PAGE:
Figwort, Water

Medical Herbs Catalogue


Figwort, Water

Botanical Name: Scrophularia aquatica (LINN.)
Family: N.O. Scrophulariaceae

Synonyms: Water Betony. Fiddlewood. Fiddler. Crowdy Kit. Brownwort. Bishops' Leaves.
Part Used: Leaves.

The Water Figwort has obtained the name of Water Betony from a certain resemblance of its leaves to those of the Wood Betony, but it differs entirely from that plant in every other respect, not being even closely related to it, and nowadays is more generally called the Water Figwort, the name Figwort being derived from the form of the root in another member of the genus Scrophularia, the Knotted Figwort (S. nodosa), a fairly common plant.

Description: The root of the Water Figwort is perennial and throws out numerouslarge fibres. The plant is to be found only in damp ground, generally by the banks of rivers and ponds. It varies much in size, but on an average, the stems grow to a height of 5 feet. The general character of the stem is upright, though small lateral branches are thrown out from the rigid, straight, main stem, which is smooth and quadrangular, the angles being winged. The stems are often more or less reddish-purple in colour; though hollow and succulent, they become rigid when dead, and prove very troublesome to anglers owing to their lines becoming tangled in the withered capsules. The Figwort is named in Somersetshire, 'Crowdy Kit' (the word kit meaning a fiddle), or 'Fiddlewood,' because if two of the stalks are rubbed together, they make a noise like the scraping of the bow on violin strings, owing no doubt to the winged angles. In Devonshire, also, the plant is known as 'Fiddler.'

The leaves are placed in pairs on the stem, each pair at right angles to the pair below it; all are on footstalks, the pairs generally rather distant from one another on the stem. The leaves are oblong and somewhat heartshaped; smooth, with very conspicuous veining. The flowers grow at the top of the stems, arranged in loose panicles, under each little branch of which is a little floral leaf, or bract. They are in bloom during July and August. The calyx has five conspicuous lobes, fringed by a somewhat ragged-looking, brown, membraneous border. The dark, greenish-purple, sometimes almost brown corolla is almost globular; the lobes at its mouth are very short and broad, the two upper ones stand boldly out from the flower, the two side ones taking the same direction, but are much shorter, and the fifth lobe turned sharply downward. The result is that the flowers look like so many little helmets. There are four anther-bearing stamens, and generally a fifth barren one beneath the upper lip of the corolla. The seed vessel when ripe is a roundish capsule opening with two valves, the edges of which are turned in, and contains numerous small brown seeds.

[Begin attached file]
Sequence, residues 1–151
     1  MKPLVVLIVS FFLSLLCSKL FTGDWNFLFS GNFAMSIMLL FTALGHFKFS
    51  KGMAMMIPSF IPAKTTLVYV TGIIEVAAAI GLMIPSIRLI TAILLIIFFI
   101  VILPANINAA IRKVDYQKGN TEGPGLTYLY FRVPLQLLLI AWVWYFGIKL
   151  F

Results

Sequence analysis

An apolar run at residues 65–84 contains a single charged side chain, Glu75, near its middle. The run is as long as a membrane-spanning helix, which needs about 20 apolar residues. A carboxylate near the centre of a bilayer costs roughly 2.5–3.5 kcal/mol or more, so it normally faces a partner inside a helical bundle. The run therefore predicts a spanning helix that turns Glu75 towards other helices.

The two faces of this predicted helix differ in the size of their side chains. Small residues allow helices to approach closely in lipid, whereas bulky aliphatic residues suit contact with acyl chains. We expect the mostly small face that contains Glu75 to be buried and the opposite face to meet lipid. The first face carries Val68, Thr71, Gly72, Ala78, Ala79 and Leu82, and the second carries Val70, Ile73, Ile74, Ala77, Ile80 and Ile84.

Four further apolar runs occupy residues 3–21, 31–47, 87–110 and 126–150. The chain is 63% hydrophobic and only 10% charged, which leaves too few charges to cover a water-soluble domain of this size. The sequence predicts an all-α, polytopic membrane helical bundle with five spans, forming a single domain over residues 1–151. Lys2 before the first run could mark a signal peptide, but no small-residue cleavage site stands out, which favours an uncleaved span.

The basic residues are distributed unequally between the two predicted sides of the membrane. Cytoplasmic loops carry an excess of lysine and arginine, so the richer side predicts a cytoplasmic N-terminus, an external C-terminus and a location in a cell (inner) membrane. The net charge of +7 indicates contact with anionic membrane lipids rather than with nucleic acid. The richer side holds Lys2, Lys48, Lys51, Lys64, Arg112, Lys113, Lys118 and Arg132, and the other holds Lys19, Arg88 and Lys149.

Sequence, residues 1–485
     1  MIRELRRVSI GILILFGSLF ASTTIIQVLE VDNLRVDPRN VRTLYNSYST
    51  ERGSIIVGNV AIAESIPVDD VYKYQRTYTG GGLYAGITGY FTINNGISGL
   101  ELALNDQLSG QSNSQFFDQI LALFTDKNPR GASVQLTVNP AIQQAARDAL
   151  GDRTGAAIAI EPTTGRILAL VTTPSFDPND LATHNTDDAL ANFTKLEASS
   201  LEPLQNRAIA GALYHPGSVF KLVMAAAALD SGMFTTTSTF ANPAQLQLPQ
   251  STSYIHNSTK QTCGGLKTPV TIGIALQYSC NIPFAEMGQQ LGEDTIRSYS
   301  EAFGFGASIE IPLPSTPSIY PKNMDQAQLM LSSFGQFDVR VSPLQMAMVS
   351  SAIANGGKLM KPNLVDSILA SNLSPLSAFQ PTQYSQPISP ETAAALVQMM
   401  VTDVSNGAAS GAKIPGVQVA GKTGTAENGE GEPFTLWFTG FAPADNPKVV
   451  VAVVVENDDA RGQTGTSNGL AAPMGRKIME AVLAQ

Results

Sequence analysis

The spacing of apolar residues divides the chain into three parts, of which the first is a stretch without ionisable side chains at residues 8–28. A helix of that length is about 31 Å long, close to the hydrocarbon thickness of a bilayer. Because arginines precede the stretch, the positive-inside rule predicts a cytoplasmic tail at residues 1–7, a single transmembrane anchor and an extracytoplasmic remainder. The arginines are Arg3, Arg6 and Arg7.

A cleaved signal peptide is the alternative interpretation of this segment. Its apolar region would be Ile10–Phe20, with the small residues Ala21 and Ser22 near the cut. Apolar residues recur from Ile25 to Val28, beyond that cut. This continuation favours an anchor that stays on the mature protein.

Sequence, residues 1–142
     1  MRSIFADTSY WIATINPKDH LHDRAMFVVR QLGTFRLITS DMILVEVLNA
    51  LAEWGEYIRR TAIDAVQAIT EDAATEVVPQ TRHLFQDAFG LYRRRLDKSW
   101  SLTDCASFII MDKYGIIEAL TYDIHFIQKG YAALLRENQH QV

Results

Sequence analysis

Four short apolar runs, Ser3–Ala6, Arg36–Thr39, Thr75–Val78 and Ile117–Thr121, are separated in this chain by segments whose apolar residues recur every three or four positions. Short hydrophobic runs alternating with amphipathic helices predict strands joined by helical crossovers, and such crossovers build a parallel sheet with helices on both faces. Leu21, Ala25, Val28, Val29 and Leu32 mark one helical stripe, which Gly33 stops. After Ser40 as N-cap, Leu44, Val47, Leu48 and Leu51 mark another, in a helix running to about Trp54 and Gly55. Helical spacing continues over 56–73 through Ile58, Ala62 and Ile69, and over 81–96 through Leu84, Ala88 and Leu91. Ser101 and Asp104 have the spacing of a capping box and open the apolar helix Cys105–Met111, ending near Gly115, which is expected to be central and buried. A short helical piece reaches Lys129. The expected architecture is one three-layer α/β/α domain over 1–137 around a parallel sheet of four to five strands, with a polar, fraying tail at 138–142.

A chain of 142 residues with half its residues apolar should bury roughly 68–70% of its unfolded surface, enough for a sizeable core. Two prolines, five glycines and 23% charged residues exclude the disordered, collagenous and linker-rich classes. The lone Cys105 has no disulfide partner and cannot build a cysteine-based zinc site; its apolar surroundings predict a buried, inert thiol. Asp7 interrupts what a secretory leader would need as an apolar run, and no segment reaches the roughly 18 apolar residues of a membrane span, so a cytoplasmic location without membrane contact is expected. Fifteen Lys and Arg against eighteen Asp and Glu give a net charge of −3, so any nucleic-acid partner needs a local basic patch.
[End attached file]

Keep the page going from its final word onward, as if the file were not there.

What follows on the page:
Wasps and bees are very fond of the flowers, from which they collect much honey.

The leaves are used, collected in June and July, when in best condition, just coming into flower, and used both fresh and dried.

Medicinal Action and Uses: This plant has vulnerary and detergent properties, and has enjoyed some fame as a vulnerary, both when used externally and when taken in decoction.

In modern herbal medicine, the leaves are employed externally as a poultice, or boiled in lard as an ointment for ulcers, piles, scrofulous glands in the neck, sores and wounds. It is said to have been one of the ingredients in Count Matthei's noted remedy, 'AntiScrofuloso.' In former days this herb was relied on for the cure of toothache and for expelling nightmare. It has also a reputation as a cosmetic, old herbalists telling us that: 'the juice or distilled water of the leaves is good for bruises, whether inward or outward, as also to bathe the face and hands spotted or blemished or discoloured by sun burning.'